Disclosure of Interest Obligation
Registrants have a duty to disclose before they do business. This is a 2009 case. Kindly note the case actually predates REBBA 2002 which came into force on 31 March 2006.
This involves violations of several rules regarding ethical behaviour, financial disclosure, obedience to law and competence under the former RECO Code of Ethics. Those were the rules prior to the current Code of Ethics. This case actually took place in 2005.
The Sellers Alan and Bill listed a property located at 123 Main Street for sale with Brokerage ABC through Martha, the Listing representative.
The Sellers reduced the asking price from $349,995 to $337,995. Two days after the price reduction, an offer was received and presented by Seller Representative Martha under dual agency (now multiple representation under REBBA 2002)
Albert the Buyer was a relative of Seller Representative Martha.
Martha did not provide the required disclosure under the REBBA and the RECO Code of Ethics, declaring her direct or indirect interest in the purchase of the property.
The price offered in the first offer was $323,000. The Sellers signed it back at $337,000. The first offer subsequently lapsed as the buyer did not accept the counter offer.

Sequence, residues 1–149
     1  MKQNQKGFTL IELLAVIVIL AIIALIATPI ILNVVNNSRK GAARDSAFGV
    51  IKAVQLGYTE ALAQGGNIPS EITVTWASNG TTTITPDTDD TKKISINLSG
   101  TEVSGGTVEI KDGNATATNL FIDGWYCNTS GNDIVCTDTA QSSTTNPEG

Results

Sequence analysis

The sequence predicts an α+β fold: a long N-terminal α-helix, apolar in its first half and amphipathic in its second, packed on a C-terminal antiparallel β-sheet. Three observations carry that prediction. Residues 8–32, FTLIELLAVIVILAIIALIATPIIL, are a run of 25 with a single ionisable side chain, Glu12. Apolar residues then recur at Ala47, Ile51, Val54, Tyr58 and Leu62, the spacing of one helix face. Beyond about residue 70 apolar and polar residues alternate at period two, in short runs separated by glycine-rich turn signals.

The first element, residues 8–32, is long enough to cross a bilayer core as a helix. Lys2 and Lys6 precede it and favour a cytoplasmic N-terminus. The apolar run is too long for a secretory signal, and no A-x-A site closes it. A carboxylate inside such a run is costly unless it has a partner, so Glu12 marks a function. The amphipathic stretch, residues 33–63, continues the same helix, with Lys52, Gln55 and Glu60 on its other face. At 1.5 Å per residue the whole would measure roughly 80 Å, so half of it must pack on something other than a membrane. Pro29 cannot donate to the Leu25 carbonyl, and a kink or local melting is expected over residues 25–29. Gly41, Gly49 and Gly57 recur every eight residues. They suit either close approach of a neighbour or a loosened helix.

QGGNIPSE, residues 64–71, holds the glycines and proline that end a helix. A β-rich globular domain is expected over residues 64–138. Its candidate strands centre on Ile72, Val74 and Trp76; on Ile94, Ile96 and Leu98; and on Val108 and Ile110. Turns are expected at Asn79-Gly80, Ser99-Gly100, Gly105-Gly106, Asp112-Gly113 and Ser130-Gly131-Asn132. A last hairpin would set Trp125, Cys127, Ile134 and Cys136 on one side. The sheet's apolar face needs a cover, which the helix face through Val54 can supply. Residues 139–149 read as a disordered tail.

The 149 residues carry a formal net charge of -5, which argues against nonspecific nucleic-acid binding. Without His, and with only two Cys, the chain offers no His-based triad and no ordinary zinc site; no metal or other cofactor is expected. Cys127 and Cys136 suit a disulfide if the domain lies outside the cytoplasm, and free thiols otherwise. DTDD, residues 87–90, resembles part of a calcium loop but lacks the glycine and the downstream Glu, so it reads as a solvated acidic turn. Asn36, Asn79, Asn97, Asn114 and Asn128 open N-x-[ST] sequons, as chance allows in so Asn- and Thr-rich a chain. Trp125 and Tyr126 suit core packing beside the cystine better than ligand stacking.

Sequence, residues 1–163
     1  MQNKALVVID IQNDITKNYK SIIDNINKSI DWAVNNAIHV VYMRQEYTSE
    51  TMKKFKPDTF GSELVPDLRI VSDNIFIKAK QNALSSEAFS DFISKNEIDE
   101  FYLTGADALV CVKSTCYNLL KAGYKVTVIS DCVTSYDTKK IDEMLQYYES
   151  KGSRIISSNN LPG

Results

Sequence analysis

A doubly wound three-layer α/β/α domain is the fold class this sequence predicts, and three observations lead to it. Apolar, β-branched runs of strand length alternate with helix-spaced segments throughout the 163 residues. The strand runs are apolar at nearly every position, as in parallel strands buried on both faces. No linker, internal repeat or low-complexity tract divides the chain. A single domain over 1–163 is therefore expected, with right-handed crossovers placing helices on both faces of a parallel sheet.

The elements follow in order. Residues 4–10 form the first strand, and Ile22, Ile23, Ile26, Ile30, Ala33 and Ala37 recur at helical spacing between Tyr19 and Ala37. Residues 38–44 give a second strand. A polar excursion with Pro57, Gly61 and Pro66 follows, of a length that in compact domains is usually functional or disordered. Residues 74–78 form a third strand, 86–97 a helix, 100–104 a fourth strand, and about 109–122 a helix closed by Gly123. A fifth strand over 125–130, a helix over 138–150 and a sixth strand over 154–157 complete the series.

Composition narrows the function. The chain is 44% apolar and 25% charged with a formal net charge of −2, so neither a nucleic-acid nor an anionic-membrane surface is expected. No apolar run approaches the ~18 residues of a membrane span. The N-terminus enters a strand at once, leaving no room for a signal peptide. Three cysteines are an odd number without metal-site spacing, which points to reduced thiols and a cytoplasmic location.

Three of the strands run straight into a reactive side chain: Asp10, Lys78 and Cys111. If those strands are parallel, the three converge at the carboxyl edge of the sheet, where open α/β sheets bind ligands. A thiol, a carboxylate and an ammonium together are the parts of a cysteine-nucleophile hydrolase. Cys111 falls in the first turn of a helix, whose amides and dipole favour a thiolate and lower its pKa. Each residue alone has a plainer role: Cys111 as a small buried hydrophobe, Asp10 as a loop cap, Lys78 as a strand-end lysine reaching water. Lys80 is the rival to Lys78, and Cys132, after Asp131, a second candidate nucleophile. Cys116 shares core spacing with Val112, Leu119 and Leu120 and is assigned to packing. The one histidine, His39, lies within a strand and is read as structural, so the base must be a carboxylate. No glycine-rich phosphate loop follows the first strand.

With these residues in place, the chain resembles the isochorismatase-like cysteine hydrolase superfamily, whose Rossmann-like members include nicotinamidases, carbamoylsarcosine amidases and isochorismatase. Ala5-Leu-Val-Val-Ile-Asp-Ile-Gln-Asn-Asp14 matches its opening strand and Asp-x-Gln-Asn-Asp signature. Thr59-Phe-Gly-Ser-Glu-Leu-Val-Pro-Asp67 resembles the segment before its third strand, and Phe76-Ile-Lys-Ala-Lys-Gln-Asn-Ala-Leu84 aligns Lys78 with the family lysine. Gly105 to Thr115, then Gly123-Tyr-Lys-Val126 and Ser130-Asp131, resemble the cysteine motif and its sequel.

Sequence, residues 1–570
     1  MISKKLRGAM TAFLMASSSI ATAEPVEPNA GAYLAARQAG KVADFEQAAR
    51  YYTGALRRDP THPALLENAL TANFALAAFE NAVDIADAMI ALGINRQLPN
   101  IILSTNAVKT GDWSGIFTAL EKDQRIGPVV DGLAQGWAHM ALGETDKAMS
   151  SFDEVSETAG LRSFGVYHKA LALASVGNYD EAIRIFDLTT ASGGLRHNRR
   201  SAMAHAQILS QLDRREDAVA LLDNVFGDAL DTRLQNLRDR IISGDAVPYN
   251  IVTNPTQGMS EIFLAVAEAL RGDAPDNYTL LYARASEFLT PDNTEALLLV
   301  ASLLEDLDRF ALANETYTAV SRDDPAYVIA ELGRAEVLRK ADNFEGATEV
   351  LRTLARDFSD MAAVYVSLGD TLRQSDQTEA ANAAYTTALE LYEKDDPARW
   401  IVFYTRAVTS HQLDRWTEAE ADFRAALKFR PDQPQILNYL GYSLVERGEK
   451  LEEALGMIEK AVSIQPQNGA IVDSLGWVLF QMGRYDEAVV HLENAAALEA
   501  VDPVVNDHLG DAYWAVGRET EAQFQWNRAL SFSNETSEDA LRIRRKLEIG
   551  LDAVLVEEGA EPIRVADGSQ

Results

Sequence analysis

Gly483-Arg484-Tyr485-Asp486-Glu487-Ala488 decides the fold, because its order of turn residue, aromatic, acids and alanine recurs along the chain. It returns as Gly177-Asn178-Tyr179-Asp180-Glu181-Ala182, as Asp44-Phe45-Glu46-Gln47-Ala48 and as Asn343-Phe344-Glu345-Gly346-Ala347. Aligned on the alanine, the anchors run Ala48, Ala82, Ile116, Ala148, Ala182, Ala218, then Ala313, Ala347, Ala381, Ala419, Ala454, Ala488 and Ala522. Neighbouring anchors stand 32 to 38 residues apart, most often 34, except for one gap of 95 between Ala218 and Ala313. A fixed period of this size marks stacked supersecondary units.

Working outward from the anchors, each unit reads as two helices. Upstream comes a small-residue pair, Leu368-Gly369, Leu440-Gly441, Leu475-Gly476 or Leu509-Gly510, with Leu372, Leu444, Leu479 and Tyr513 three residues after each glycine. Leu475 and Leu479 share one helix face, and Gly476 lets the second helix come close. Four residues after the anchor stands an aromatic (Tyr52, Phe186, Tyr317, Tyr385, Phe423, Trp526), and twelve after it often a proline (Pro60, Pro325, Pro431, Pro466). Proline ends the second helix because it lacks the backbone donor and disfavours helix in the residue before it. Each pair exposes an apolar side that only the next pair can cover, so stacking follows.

Shortly after, another offer was presented by Martha on behalf of Albert for $328,000. The second offer was signed back at $332,000 and accepted by Albert.
Martha did not disclose the nature of her interest in the purchase of 123 Main Street.
The Sellers only discovered the relationship between Martha and Albert when the transaction was about to conclude.
The Decision by RECO Panel
The RECO panel determined that the registrant acted in an unprofessional manner when she failed on two occasions, to provide to the Sellers with written statements and have the Sellers acknowledge in writing, his registration status and interest in the purchase of 123 Main Street.
The RECO Discipline Panel concluded that the registrant breached the following Rules of the RECO Code of Ethics:
Rule 1 (2) – Ethical Behaviour – A member shall endeavour to protect the public from fraud, misrepresentation or unethical practice in connection with real estate transactions.
Rule 5 – Financial Disclosure - A Member shall disclose the financial aspects of a Transaction and any personal interest of the Member in a matter to the Parties sufficient to enable them to make an informed decision.
Rule 23 – Obedience to Law - A Member shall practice in accordance with all federal, territorial or provincial law or municipal by-law relevant to the Member fitness to practice.
Martha was ordered to pay a $5,000.00 penalty within 90 days of sending this decision of the Discipline Committee.
There are many reasons for disclosure. In this case, Alan and Bill deserved to know that Martha might favour her own relative, Albert over them, even though they hired her first. This was a conflict of interest. Disclosure was required.
Brian Madigan LL.B., Broker